Pele says youth soccer is better in U.S. than Brazil

Pele talks with a young fan during a book signing at a Barnes & Noble in New York to promote "Why Soccer Matters."
(Maddie Meyer / Getty Images)

Pele is widely recognized as the greatest soccer player of all time. He developed his unparalleled skills playing against other shoeless kids on the dirt streets of Brazil with a ball made from old socks and newspapers.

But now Pele says the best grass-roots soccer programs in the world are not in Brazil, but in the U.S., where he is on tour publicizing his new book “Why Soccer Matters.”

“People should be careful,” Pele warned in a short phone interview. “Because I think here in the United States today, they play more soccer than they play in Brazil. It’s important the American kids know that. We don’t have the same support [that] they have in college, university.

“Soccer is becoming very, very big in the United States. The base, with the kids, is more organized than Brazil, Argentina, Uruguay. No doubt.”

U.S. Youth Soccer says that more than 3 million kids are registered with U.S. Youth Soccer-affiliated teams -- and that doesn’t included the millions more who are playing in high school, college and AYSO programs. Nearly half the players on U.S. Youth Soccer teams are girls.


“In the base, in the college, in the women, you already passed Brazil.” Pele said. “The women in the United States play better than Brazil.”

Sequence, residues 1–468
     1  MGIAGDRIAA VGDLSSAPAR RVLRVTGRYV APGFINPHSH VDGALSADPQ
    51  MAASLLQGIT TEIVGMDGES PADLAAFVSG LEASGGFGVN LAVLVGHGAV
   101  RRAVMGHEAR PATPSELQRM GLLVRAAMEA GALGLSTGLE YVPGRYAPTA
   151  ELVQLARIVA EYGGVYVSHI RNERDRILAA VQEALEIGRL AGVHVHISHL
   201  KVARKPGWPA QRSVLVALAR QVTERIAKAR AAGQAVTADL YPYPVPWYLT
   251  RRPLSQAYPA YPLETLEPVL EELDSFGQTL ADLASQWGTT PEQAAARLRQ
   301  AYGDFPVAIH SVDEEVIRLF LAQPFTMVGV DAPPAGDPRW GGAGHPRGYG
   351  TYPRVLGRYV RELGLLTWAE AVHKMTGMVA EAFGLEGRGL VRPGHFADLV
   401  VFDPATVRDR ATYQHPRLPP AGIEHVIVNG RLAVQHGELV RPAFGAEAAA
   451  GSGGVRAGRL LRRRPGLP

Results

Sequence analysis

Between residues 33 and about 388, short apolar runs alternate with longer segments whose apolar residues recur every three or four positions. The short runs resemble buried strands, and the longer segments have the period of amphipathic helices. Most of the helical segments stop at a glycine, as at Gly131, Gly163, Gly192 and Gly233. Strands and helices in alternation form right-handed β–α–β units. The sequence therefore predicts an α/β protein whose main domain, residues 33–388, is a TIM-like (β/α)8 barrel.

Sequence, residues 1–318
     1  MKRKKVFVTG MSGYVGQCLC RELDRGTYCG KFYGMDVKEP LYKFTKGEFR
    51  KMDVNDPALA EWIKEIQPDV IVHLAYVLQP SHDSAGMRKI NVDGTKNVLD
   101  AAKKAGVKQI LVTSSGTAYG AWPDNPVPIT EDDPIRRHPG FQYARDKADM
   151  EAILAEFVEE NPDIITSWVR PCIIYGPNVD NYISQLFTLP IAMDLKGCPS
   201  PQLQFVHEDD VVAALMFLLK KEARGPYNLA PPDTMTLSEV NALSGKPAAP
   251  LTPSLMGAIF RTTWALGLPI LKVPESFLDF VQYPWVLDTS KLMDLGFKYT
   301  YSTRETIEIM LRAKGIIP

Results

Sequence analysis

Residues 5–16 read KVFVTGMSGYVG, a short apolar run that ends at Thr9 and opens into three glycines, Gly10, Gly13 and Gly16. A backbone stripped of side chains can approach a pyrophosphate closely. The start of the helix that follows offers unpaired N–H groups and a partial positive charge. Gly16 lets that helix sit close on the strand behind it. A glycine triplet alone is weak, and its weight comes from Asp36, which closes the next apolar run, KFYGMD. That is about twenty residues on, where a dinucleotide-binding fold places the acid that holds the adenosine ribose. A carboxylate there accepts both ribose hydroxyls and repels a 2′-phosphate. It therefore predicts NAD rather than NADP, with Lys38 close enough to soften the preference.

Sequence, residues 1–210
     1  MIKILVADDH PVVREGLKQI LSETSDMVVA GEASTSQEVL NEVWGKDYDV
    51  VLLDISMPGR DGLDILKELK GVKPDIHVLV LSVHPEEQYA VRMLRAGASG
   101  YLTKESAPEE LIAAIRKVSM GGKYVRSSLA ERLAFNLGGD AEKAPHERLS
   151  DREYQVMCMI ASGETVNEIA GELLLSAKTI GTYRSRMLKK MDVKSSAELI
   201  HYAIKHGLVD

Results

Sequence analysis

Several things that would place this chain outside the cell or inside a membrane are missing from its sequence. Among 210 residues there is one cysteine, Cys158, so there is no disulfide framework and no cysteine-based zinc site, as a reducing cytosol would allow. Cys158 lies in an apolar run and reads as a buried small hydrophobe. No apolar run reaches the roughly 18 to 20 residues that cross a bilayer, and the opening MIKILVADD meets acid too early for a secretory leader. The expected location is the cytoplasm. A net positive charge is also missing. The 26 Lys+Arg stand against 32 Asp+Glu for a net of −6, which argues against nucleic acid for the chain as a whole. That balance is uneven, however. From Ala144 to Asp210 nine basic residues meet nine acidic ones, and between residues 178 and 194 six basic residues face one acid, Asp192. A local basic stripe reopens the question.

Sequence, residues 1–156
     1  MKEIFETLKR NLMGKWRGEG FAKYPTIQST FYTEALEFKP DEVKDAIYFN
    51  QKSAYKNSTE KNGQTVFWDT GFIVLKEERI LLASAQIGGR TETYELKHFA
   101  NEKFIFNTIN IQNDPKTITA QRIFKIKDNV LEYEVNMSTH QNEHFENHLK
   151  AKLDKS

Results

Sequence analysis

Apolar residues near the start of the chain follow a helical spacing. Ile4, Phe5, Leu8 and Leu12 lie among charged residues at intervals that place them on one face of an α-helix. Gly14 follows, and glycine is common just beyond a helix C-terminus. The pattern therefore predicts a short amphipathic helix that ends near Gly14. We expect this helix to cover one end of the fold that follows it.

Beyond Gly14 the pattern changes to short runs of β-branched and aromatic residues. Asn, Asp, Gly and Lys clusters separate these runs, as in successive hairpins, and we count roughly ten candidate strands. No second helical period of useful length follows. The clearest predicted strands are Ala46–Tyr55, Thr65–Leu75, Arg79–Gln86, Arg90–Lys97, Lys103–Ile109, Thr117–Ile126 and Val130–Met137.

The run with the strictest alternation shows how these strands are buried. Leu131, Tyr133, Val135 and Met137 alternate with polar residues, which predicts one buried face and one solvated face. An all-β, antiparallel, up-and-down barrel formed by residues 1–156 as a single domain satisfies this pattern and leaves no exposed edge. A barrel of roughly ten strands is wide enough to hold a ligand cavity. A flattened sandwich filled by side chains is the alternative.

As for the World Cup, which is to be played in Brazil this summer, Pele said it’s time to focus on the sport and not the construction delays and political corruption that has left organizers unsure all 12 tournament venues will be completed in time for the first game June 12.

“The World Cup will be fantastic,” he said. “The reality is there was a big problem to construct some stadiums. But the issue was not only with Brazil. In every country who had a World Cup -- Korea was the same, [South] Africa was the same, Europe was the same. The only World Cup that was fantastic with every single game, was the best organized, was in the United States.

“The problem with the stadiums was not with the players, was not with the teams. That was political corruption. We must pay attention with the money, the public money. They stole, they made a lot of bad things. But we have to protect the football. The players don’t have nothing to do with this.”

As for who has assumed his role as the world’s best player, Pele said there are a number of candidates.

“At the moment we have Cristiano Ronaldo, [who] is the best scorer. Zlatan Ibrahimovic is another good player. [Lionel] Messi, of course. In Brazil, we have Neymar.”

Asked if any were as good as he was, Pele answered more matter-of-factly then boastfully.

“Better than me?” he repeated. “No.”